After the chaos of the 1968 Democratic Convention in Chicago, Senator George McGovern and his colleagues developed a series of reforms to the primary system, including getting rid of many "winner-take-all primaries" for his party. But did this proportional representation system wind up progressives? And what will happen soon as GOP contests become "winner-take-all" states?
Back in the old days of nomination contests, we had "smoke-filled" rooms, dark horse candidates, and delegates hand-picked by party bosses. The few cases where a state let the voters pick in a primary, such contests became "winner-take-all" states. Revolts at the Democratic National Convention in Chicago in 1968 led to bloodshed, and a call for reform.
The McGovern-Fraser commission was a response to corruption and the lack of the delegate vote lining up with the outcomes of primary elections in the 1968 presidential election. The commission removed the winner take all system and replaced it with a bound proportional delegate system.
The group FairVote explains the difference, as such:
Proportional representation is the principle that a legislature should be a reflection of all of the voters who elect them. Advocates of proportional voting systems believe that the legislature should mirror the population, with both majority and minority viewpoints represented. Within a Winner-take-all system, basically, whichever candidate wins the majority of the popular vote, gets all the Electoral College votes. It is believed that this type of system is fair because everyone gets to vote and the person who gains the most votes wins. This, essentially, guarantees that the elected representative will share many of the same ideas with those who voted.
Senator McGovern was an early beneficiary of this rule, and other reforms that took the power from party bosses and gave it to progressives. Though an outsider, he was able to beat the "establishment" candidates like Hubert H. Humphrey for the nomination.
Of course, not every state jumped on board the McGovern ideas. Some states like New Jersey still held a winner-take-all primary a decade later. But by the 2016 election, all Democratic Primary states have gone proportional, or at least relatively proportional.
But are those rules ironically hurting the progressive candidate, Senator Bernie Sanders? Despite his amazing finish in Michigan, he only won 65-58 in delegates, while Hillary Clinton won Mississippi 29-4, giving herself an 18 point win in delegates on what should have been a bad night for her campaign, inching closer to the nomination.
So my college students, currently analyzing the differences between winner-take-all systems and proportional representation, ran a study, seeing what would happen if all of the Democratic Party states were winner-take-all. Would Sanders do better? As of the writing of this column, Clinton holds a 760-546 lead in delegates. But if the DNC contests gave the winner the entire state, her lead over the Vermont Senator would grow to 850-425. So the McGovern rules are still keeping Sanders in the game, somewhat.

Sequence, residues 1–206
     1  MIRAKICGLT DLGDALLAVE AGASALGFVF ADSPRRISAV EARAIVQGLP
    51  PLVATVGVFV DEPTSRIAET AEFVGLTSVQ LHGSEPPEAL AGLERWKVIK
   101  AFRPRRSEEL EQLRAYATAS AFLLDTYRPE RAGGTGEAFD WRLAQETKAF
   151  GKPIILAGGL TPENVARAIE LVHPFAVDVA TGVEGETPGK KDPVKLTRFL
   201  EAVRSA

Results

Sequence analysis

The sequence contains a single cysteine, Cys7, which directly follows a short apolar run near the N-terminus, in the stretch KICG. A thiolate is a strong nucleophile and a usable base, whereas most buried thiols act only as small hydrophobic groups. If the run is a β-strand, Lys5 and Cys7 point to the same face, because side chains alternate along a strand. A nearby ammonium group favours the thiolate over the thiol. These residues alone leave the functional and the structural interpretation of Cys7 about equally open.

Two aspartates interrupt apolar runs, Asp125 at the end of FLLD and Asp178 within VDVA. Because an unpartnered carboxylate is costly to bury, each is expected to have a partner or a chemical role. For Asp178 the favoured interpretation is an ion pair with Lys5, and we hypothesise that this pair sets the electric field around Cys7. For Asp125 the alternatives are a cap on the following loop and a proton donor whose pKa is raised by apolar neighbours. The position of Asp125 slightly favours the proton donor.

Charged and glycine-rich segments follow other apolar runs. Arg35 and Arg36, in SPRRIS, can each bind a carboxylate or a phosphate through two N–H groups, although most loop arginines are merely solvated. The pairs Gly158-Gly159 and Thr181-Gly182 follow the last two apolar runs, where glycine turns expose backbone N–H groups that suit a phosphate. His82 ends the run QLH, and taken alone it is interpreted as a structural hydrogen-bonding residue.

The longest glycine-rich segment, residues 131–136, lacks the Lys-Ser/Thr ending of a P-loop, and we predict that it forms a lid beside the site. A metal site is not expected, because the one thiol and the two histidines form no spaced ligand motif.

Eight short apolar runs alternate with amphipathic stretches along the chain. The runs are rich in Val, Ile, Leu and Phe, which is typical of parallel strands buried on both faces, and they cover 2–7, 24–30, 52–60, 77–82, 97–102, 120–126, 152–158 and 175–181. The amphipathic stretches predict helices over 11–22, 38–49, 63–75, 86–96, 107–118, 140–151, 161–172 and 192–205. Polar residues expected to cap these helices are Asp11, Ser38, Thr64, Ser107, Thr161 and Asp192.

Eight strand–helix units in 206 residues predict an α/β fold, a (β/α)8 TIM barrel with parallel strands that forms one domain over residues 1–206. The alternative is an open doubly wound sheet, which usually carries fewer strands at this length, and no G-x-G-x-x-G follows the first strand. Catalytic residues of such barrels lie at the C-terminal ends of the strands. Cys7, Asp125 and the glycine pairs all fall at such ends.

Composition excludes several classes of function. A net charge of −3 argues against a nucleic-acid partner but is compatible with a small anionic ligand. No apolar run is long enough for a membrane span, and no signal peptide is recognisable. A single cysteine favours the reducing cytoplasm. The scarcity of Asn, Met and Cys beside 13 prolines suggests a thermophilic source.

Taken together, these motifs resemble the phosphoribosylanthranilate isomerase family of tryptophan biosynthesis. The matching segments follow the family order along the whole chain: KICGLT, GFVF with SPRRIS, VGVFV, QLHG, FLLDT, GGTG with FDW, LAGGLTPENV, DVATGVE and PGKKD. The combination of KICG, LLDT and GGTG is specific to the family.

As for the Republicans, even a number of early GOP contests, with the exception of South Carolina and Puerto Rico, are proportional as well, or relatively so. But that's about to change, as a majority of the remaining states have "winner-take-all" or "winner-take-most" rules. And these include a lot of large states. Would Donald Trump be doing even better if all the early states were winner-take-all, as many will be from now on? Or would candidates like Senators Ted Cruz and Marco Rubio and Governor John Kasich be doing better?
My undergraduates looked into that question as well in their research. Trump, who currently holds a 458 to 359 lead in delegates over Cruz, would increase his lead to 621 delegates to Cruz's 341. Rubio would have 40, instead of 151, and Kasich would be shut out, instead of holding 54 delegates.
In conclusion, the proportional representation system in primaries is still helping the challenger, Bernie Sanders. But the winner-take-all contests are likely to balloon Trump's numbers in the coming days. Republicans looking to stop a candidate like Trump might look to copy some of those rules the McGovern-Fraser team developed back then, lest their convention in Cleveland look more like Chicago's in 1968.
John A. Tures is a professor of political science at LaGrange College in LaGrange, Ga. He can be reached at email@example.com. His undergraduate students Sydney Aronson, Toni Ball, Michael Buckley, Ryan Gajda, Chandler Joyner, Mimi Loftus, Jeremy Maddox, Breckin McCoy, Keren Parks, Andy Peden, Nick Rawls and Karly Williams contributed to the research for this article.